Michael McDowell knows what he’s up against as NASCAR’s playoff series begins, and he’s determined to hold nothing back over the next few weeks as he strives to keep his surprising championship challenge going.

“We’re taking the approach of just being as aggressive as we can on the track, strategy, everything, because we realize for us to advance, we’re going to have the three best races of our careers,” McDowell said. “If you’re not in that top 10 and challenging in the top 10 those first three races, it’s going to be hard to advance.

“There’s always the chance that somebody has some misfortune, crash, whatever it might be. But that’s only going to be one or two guys — and you’ve got to beat four. So, our approach is just to be super-aggressive. Every point. Every spot. Every lap. Knowing that we have an uphill battle, that really is our only approach. So we just have to go for it.”

McDowell is this year’s playoff underdog, and that’s an understatement. Front Row has the smallest budget of any team in the postseason and three Cup Series wins in its history. But this is the team’s second postseason berth after qualifying with Chris Buescher, who won a weather-shortened race at Pocono Raceway in 2016.


McDowell feels he and his Front Row Motorsports crew don’t have the option of an off-week that some of their more resource-rich playoff rivals do. Nigel Kinrade/Motorsport Images

McDowell earned his first career win at Daytona in February in his 358th start. He is the longest of long shots to make the Championship 4, and some might even dismiss the No. 34 team’s chances of advancing out of the Round of 16.

“It’s humbling and very special for our team and myself,” said McDowell of his playoff berth. “But I feel the pressure every week to perform. You want to get the best result you can, and then obviously ramping up into the playoffs, it’s definitely more pressure for sure. Everything counts and matters. You don’t get a re-do in the playoffs, so you have to make every race and every opportunity count.

“But at the same timing, knowing that we are the underdog we have one strategy, and that is to go all out. If that means we make a mistake and end up not (advancing) because we went all out, that’s our only approach. I think some of the other teams that have that top-five speed every weekend, they could come out of Darlington, and maybe they’re 15th or 20th and feel they can go to Richmond and run fifth and be fine. We have to execute at a very high level all three of these races to advance, so we get to be aggressive.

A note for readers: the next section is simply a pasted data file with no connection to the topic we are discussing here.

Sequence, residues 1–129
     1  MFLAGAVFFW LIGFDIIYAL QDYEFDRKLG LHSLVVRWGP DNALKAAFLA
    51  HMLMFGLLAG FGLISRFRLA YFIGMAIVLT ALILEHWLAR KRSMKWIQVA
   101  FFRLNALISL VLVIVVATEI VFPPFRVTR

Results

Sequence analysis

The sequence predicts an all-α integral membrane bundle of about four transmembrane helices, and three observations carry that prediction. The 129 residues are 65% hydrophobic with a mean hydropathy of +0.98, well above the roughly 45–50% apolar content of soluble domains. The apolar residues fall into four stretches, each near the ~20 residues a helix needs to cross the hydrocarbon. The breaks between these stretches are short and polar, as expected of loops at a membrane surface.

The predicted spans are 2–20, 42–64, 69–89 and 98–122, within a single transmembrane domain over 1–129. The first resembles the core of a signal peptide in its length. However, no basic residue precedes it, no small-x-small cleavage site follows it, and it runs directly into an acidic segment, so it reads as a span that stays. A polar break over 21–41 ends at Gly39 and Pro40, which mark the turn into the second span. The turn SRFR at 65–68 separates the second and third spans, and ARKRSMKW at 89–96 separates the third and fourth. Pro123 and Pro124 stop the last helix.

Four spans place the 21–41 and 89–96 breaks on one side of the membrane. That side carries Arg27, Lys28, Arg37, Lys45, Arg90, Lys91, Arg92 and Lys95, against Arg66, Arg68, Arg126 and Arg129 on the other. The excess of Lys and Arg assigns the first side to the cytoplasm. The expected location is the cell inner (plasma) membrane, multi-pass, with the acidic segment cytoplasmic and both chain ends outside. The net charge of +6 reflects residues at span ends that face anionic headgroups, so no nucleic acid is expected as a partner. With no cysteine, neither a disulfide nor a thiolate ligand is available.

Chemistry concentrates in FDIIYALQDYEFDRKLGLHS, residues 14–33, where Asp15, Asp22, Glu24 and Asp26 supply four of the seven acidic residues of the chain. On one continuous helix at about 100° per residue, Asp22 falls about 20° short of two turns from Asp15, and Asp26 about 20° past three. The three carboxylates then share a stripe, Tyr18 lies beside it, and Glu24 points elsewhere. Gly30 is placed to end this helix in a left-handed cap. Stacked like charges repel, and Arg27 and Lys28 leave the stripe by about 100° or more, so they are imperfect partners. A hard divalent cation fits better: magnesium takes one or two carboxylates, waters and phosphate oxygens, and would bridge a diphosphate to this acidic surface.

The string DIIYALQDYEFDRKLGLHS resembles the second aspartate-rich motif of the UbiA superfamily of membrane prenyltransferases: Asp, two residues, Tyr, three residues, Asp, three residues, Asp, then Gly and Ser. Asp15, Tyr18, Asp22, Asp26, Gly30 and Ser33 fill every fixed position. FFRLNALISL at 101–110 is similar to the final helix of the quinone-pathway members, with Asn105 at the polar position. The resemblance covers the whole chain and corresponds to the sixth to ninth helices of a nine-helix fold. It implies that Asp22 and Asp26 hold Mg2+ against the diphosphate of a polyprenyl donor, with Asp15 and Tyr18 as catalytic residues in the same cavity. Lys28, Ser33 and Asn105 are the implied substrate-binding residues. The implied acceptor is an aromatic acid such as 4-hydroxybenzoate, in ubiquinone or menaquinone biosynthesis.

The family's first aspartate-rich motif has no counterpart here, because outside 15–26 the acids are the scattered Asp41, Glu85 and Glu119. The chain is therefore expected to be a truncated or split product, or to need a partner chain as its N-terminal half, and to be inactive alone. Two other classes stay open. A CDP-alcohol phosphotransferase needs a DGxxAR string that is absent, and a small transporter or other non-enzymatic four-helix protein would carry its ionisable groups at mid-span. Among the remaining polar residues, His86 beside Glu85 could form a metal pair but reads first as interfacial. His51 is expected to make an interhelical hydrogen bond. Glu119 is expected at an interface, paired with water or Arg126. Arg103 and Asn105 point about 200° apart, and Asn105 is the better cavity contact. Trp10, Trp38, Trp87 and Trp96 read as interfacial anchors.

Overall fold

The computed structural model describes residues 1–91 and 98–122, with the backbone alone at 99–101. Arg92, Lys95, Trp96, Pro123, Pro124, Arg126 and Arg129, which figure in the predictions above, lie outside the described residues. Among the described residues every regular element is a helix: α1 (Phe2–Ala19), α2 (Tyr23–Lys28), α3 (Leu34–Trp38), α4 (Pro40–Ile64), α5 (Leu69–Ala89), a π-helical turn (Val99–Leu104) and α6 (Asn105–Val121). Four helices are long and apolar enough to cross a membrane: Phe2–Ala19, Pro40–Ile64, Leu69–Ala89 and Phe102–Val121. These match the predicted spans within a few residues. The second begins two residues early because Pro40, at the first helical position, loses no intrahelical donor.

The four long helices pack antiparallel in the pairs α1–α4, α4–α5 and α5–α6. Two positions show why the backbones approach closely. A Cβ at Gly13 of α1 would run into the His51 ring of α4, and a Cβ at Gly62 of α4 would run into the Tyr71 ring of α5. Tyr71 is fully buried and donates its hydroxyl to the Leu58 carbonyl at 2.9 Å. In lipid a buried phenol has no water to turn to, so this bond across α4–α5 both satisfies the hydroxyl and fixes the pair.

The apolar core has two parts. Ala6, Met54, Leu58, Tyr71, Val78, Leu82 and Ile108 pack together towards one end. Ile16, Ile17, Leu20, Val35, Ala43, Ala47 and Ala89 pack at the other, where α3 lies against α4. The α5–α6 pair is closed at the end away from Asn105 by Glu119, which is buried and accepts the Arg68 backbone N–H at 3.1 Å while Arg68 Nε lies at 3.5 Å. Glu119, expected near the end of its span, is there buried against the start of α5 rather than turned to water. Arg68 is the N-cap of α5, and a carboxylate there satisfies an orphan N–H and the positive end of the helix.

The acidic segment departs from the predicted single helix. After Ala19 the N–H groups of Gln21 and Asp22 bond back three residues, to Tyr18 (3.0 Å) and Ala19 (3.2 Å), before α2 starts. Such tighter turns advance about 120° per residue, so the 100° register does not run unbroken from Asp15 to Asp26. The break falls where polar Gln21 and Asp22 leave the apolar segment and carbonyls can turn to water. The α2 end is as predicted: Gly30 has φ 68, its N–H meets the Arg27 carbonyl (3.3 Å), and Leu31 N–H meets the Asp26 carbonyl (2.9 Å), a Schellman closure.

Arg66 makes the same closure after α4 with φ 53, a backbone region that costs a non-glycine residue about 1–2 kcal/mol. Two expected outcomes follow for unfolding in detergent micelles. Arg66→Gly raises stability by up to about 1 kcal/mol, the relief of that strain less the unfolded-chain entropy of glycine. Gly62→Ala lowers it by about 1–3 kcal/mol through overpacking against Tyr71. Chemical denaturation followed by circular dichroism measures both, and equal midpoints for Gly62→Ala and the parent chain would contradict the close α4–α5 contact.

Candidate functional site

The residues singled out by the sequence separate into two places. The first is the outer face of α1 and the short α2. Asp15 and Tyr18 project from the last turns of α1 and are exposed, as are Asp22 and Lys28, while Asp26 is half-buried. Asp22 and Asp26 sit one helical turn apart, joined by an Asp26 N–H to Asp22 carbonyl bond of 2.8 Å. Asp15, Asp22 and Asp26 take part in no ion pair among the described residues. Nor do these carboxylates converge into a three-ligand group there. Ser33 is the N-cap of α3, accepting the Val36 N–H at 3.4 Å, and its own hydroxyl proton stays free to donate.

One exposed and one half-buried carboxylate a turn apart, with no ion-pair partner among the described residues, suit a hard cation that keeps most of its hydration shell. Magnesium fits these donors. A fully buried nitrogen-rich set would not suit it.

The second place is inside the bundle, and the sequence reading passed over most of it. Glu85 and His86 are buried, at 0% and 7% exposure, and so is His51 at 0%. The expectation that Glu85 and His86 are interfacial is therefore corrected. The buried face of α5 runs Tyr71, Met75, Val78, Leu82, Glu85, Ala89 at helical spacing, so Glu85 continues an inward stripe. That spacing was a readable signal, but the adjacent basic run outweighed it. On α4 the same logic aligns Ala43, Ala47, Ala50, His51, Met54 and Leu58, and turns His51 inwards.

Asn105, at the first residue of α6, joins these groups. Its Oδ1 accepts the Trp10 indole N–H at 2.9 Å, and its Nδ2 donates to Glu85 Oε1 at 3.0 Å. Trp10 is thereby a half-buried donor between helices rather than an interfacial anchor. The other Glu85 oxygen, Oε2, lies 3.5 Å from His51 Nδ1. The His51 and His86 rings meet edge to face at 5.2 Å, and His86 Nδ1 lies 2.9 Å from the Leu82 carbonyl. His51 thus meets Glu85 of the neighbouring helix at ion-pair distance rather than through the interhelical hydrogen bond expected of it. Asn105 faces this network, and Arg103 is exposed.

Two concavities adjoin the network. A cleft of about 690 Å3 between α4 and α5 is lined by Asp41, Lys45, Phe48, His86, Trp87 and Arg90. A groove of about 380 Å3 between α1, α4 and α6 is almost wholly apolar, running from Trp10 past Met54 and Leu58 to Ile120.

Darlington, Richmond, and Bristol are the three races McDowell and crew chief Drew Blickensderfer must tackle. McDowell finished 27th at Darlington and Richmond earlier this year, and he was 10th in the Bristol finishing order on the concrete last fall.

McDowell said he doesn’t plan to study points or make a game plan for the first round.

“Obviously, when you get done with the race, you’ll look at it, but for me, it’s just more about having the best races we can,” McDowell said. “We have to crush it in order to move on. So, I’m not thinking too much about if this person does this or that. We’ve just got to have three great weeks, and that’s our best chance at having an opportunity to move forward.”

The highest McDowell has finished in points is 23rd, which happened last year when he put together what then was a career year in the Cup Series. McDowell will eclipse that with a guaranteed spot of 16th or better in points, and he’s already bettered his career-high in top-10 finishes (five).